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Family Care Proceedings - a risk of future harm

26 Sep 2013, 17:39 by Priya Bakshi

Labels: adoption, appeal, barrister, care, court, direct-access, family-law, interim-care-order, judge, lawyer, public-access, supervised-contact

The case of Re B (A Child) [2013] UKSC 33 concerned an appeal made by parents to the Supreme Court in relation to a final care order made under Section 31 of the Children Act 1989. 

Both parents suffered from psychological problems. The mother had been diagnosed with somatisation disorder and a psychiatric condition involving the deliberate fabrication or exaggeration of symptoms. She had had significant difficulties in her life early on, having been abused by her step-father. She also had criminal convictions relating to fraud and dishonesty. The father too had a history of criminality and drug abuse.    

The child, A, was removed from her parents at birth and placed in foster care under an interim care order.  While the child was in foster care, the parents frequently had supervised contact with her, developing a positive and committed relationship. The question was not whether the child
had suffered harm attributable to the parents' care but whether the child was likely to suffer significant harm due to the risks posed by the parents. The local authority's plan was adoption for the child.

The trial judge held that the parents did pose a risk to the child. The bond formed between the A and her parents was not doubted. However if the child was placed in her parents' care there was a risk of significant harm to A caused by the mother's somatisation disorder and her psychiatric condition, and that A might grow up to copy her mother's behaviour. It was also found that the father was not capable of protecting A from harm. Therefore in weighing up all the factors, a care order with a view to adoption was needed to prevent such harm to A. The Court of Appeal upheld that judgment.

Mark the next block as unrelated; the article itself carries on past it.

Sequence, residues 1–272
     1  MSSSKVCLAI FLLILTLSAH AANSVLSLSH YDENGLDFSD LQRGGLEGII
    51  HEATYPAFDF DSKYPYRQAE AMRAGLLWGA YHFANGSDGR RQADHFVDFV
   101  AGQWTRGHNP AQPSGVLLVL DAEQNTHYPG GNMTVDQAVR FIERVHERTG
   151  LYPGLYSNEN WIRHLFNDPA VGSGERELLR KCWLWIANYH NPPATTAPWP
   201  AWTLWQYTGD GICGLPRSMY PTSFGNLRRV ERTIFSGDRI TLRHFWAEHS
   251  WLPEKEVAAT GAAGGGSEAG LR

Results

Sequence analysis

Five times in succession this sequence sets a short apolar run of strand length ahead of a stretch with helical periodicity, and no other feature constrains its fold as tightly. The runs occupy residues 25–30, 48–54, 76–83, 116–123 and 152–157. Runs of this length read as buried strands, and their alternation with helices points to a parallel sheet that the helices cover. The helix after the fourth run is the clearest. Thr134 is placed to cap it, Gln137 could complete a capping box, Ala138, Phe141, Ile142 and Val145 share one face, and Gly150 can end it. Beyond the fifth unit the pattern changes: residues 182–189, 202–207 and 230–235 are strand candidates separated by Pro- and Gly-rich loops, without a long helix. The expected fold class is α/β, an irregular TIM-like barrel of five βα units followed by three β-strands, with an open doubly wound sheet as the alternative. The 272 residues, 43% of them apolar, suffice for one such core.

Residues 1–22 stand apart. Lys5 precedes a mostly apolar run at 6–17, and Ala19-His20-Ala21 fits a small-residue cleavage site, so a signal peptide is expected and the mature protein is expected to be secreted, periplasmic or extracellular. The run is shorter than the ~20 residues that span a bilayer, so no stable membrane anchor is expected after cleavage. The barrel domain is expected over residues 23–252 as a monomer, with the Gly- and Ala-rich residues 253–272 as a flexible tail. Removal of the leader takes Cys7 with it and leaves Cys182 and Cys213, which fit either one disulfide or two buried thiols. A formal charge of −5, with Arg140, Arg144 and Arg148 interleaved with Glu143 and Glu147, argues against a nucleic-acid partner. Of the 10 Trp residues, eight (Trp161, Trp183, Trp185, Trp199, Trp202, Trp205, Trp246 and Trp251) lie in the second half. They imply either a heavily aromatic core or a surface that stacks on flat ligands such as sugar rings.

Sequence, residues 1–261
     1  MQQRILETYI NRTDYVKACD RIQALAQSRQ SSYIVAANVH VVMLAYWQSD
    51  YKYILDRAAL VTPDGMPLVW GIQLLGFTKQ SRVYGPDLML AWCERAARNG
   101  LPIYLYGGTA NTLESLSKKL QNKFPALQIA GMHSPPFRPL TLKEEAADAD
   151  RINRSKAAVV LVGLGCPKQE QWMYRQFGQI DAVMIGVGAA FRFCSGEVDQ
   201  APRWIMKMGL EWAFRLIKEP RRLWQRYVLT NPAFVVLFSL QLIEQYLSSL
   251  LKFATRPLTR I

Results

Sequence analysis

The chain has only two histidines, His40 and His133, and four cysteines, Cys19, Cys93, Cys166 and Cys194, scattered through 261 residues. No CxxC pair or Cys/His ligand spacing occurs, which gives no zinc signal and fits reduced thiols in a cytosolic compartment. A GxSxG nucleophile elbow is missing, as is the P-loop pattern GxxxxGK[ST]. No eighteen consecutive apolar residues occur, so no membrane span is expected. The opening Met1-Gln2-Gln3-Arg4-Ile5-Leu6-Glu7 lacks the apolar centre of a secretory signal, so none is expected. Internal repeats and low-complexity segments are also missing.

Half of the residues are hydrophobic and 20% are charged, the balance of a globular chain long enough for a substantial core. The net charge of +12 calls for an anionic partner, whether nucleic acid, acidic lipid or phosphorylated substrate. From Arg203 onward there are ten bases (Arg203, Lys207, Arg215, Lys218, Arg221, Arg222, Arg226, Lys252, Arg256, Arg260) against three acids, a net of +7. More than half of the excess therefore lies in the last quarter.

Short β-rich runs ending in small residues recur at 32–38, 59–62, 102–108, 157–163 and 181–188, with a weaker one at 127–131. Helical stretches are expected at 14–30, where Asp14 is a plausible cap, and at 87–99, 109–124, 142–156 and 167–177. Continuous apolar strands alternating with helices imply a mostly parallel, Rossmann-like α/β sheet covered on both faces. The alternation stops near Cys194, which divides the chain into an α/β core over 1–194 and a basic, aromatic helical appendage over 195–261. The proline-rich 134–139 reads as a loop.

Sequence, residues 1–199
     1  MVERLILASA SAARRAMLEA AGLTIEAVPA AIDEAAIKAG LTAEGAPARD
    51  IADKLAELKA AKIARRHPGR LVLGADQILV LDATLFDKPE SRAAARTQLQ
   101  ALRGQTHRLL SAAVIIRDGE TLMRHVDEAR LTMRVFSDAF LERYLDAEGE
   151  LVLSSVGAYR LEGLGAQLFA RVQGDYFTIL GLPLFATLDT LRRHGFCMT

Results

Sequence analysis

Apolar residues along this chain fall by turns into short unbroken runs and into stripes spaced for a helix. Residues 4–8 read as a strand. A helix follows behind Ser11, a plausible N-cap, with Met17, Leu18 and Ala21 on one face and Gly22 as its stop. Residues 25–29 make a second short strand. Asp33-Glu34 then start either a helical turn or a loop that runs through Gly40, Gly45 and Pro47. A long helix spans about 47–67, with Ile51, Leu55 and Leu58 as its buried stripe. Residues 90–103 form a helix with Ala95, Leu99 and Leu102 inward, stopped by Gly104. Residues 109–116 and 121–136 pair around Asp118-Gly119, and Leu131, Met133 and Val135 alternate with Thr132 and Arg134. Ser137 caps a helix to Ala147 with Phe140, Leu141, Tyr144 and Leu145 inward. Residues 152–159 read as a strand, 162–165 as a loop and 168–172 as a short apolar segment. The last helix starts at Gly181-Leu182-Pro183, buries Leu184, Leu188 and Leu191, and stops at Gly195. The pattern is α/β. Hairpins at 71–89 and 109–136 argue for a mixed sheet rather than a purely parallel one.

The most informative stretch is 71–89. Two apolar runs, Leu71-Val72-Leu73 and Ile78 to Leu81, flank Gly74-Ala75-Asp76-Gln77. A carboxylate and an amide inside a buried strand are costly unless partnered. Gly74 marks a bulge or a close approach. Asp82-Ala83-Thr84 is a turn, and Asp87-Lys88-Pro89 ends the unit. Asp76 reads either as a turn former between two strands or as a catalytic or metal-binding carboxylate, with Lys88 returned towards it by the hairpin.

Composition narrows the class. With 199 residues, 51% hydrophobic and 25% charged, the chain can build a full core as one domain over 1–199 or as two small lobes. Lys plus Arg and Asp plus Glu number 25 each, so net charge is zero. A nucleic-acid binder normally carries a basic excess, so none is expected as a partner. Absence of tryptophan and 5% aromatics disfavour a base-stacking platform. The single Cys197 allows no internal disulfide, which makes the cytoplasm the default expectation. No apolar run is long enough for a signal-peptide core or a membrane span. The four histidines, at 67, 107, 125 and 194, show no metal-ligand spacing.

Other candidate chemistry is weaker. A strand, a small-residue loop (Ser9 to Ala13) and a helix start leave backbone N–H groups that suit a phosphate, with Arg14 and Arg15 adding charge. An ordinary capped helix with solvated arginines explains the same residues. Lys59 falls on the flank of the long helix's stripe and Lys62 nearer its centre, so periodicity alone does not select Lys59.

The Supreme Court too agreed with the trial judge by a majority of 4:1 and dismissed the parents appeal, concluding that the threshold conditions for making the care order had been satisfied in this case. The Supreme Court dealt with a number of issues.    

Before a care order is made the judge has to be satisfied that: (a) the child is suffering or is likely to suffer significant harm; and (b) the harm or likelihood of harm is attributable to the care likely to be given to the child if a care order is not made, not being what it would be reasonable to expect a parent to give to the child, or to the child's being beyond parental control. A common sense approach should be taken to the meaning of ‘significant'. ‘Likelihood' was confirmed to mean no more than a ‘real possibility'.

The causation required is only as between the care and the harm but in
this case the character of the parents was relevant to each stage of the
inquiry. 

Article 8 of the ECHR is not engaged when the court assesses whether
there was ‘significant harm'. It is engaged only once the court determines whether or not a care or supervision order should be made.  If the decision is that adoption is necessary, or that a child should be placed under care with a view to adoption, a high degree of justification is needed under Article 8. Adoption must be the last resort and all other options must be explored. 

The appellate court must approach cautiously in overturning the trial
judge's decision; the test is whether the decision was ‘wrong' (not ‘plainly
wrong'). Further, where Convention rights are engaged, the appellate court is not required to determine afresh issues; it is only required to review the
lower court's decision.

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A stricter approach under the new CPR rules

07 Jun 2013, 16:17 by Priya Bakshi

Labels: barrister, barristers, high-court, judge, judgment, lawyer, particulars-of-claim

The impact of the Jackson reforms on the CPR rules is
showing, with a tougher approach displayed by the courts on missed deadlines. 

The case of Venulum Property Investments Ltd v Space Architecture & Others[2013] EWHC 1242 (TCC) was heard before the High Court. The Claimant applied for permission to extend time for service of the Particulars of Claim as the solicitors incorrectly calculated the deadline for service.

The courts' discretionary power to extend time in such circumstances is
governed by CPR 3.9. Mr Justice Edwards-Stuart recognised that this rule had been significantly amended from 1 April 2013. The old rule allowed the court to have a more general consideration with a list of nine factors to consider.  Under the new rule: